Waist tape is twill tape, tailor’s tape, or other sturdy ribbon used to re-enforce the waistline of a corset. It’s not essential, but it does increase the durability of a corset by easing stress on the seams along the the highest stress point – the waist line. This tutorial shows you how to add waist tape to a corset.
I typically use tailor’s tape, also called twill tape, which is a 100% cotton herringbone weave ribbon. It comes in black and white and many different widths, but I typically use 5/8″ wide or 7/8″ wide tape. If the corset has a significant curve at the waist, wider tape will sometimes create a distinct line along the waist, because there is very little stretch to curve with the corset.
There are many different ways to include waist tape in your corset, but it should always follow the waist line with no slack or tension, and should always continue around the front and back edges of the corset.
Most often, waist tape is applied to the inside of the corset where it won’t be visible when worn. If you are using a double-layer core, I recommend applying the waist tape between the two layers before they are sandwiched together. If you are adding a lining at the end of construction, apply the waist tape to the inside and cover it with the lining later.
I typically add waist tape before boning, because the additon of the boning channels will also stitch over the waist tape, further securing it in place. When initially securing the waist tape, if the stitches will be hidden later you can just use normal sturdy stitches. I recommend stitching close to the seam lines, lining up the waist tape with the waistline marks of the panels.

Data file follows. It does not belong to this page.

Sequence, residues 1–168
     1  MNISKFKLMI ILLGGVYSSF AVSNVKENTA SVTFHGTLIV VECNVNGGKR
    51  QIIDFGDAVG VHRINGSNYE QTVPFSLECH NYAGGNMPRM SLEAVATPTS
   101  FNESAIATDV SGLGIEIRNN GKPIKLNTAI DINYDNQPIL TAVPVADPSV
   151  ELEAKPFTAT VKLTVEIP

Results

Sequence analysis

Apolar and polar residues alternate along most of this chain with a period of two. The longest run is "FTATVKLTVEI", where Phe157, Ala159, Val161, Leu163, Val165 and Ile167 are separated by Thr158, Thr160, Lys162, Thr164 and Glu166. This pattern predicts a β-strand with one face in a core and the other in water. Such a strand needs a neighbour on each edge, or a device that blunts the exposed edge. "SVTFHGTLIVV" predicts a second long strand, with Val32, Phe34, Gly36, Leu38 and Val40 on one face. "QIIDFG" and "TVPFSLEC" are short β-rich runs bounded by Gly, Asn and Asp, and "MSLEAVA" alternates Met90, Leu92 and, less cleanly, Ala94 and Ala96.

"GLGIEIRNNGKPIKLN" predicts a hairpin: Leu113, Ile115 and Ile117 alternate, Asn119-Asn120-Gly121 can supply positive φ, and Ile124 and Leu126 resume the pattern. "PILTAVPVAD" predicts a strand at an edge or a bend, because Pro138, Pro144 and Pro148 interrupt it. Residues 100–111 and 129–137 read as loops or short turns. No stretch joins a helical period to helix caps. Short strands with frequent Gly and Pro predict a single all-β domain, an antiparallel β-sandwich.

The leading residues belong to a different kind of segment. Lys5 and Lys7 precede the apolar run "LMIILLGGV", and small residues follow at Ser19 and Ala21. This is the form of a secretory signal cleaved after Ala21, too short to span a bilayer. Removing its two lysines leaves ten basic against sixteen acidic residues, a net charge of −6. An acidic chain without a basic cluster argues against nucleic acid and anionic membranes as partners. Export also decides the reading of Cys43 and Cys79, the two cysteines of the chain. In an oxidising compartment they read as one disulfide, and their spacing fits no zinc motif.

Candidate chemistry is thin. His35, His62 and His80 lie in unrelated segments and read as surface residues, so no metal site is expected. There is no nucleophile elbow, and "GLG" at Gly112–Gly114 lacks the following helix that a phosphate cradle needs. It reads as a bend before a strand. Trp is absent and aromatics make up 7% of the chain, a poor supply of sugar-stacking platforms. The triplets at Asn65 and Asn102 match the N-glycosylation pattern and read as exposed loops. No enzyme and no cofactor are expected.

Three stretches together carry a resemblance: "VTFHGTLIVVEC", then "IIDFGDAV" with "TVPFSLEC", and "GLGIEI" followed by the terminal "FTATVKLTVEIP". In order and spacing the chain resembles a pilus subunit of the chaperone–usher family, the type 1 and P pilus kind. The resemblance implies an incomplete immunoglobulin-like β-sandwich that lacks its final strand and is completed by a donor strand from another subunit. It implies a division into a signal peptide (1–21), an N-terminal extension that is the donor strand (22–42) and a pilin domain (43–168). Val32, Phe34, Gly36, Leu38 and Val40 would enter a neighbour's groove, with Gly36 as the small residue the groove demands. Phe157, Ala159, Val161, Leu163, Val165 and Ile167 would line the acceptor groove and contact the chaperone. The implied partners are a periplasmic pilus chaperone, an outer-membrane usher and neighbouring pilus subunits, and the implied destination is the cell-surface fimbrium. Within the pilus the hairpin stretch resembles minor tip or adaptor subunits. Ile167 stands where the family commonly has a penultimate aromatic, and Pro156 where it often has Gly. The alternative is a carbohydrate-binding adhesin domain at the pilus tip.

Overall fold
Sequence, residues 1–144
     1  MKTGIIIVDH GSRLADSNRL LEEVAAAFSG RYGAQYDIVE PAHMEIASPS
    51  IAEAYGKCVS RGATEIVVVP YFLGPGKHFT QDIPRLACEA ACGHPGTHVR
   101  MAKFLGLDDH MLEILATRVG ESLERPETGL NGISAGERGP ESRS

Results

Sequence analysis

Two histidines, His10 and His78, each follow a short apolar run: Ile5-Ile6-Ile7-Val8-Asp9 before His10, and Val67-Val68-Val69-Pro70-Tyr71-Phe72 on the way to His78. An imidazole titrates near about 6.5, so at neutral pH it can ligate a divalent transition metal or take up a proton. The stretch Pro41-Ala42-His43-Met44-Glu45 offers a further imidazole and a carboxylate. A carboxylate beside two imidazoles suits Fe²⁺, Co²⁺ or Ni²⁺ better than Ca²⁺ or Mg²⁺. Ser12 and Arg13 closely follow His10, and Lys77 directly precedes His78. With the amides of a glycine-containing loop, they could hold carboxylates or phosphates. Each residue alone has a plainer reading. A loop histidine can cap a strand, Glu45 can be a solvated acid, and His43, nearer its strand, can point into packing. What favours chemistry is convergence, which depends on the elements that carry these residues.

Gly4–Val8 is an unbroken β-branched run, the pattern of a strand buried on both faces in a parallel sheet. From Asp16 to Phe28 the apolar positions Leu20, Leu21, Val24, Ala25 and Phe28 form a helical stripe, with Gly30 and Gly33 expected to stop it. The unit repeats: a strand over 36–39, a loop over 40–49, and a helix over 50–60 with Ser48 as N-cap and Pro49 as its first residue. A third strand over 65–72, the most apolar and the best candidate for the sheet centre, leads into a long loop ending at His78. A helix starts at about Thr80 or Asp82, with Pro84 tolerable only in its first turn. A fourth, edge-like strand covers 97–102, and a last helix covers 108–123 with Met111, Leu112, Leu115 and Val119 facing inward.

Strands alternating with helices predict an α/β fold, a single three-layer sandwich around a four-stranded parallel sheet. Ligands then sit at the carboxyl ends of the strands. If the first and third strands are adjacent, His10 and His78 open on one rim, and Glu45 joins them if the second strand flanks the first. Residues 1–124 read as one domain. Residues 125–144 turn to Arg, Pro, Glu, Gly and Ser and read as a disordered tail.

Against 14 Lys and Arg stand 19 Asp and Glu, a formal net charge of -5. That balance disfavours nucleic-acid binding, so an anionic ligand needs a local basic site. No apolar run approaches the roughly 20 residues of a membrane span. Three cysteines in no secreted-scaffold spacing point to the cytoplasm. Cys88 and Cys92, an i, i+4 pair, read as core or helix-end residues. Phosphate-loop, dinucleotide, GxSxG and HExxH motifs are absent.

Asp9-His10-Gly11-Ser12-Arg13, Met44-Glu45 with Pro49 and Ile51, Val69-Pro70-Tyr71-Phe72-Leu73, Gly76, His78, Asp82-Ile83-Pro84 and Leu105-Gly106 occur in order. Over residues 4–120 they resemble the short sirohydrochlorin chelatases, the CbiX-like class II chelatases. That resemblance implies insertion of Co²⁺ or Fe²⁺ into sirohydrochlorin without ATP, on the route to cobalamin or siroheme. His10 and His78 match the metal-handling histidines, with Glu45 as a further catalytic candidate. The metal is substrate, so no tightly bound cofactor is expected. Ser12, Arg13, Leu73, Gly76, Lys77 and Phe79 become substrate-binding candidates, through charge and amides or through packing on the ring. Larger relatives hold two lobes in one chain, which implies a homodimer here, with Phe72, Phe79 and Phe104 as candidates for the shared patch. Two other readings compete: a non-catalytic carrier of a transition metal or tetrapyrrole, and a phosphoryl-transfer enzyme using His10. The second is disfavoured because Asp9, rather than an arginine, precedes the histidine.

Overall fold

There are two easy ways to prevent visible stitches if sturdy stitches will not be hidden later. In either case, the waist tape MUST be applied before the boning channels, because the boning channels will be the primary means of keeping the waist tape in place.
For the first method, stitch to the seam allowance of the panels, rather than to the body of the corset, as illustrated below.
The second method uses large basting stitches which are removed after the boning channels are in place. Below is an inside and an outside view of basting the waist tape. I recommend using a contrasting thread color, to help with removal later.
If you want to add waist tape to a completed corset, it can also be added to the outside of the corset. If it is for underwear use, it can be tacked with sturdy stitches between the boning. If the corset is outerwear, use a contrasting or complementary colored high-quality ribbon, like double-satin or grosgrain, and apply decorative stitching over the sturdy stitching to give it a finished look.
No matter what, be sure to bring the tape around the leading and following edges of the corset panel, so the waist tape will be as effective as possible.
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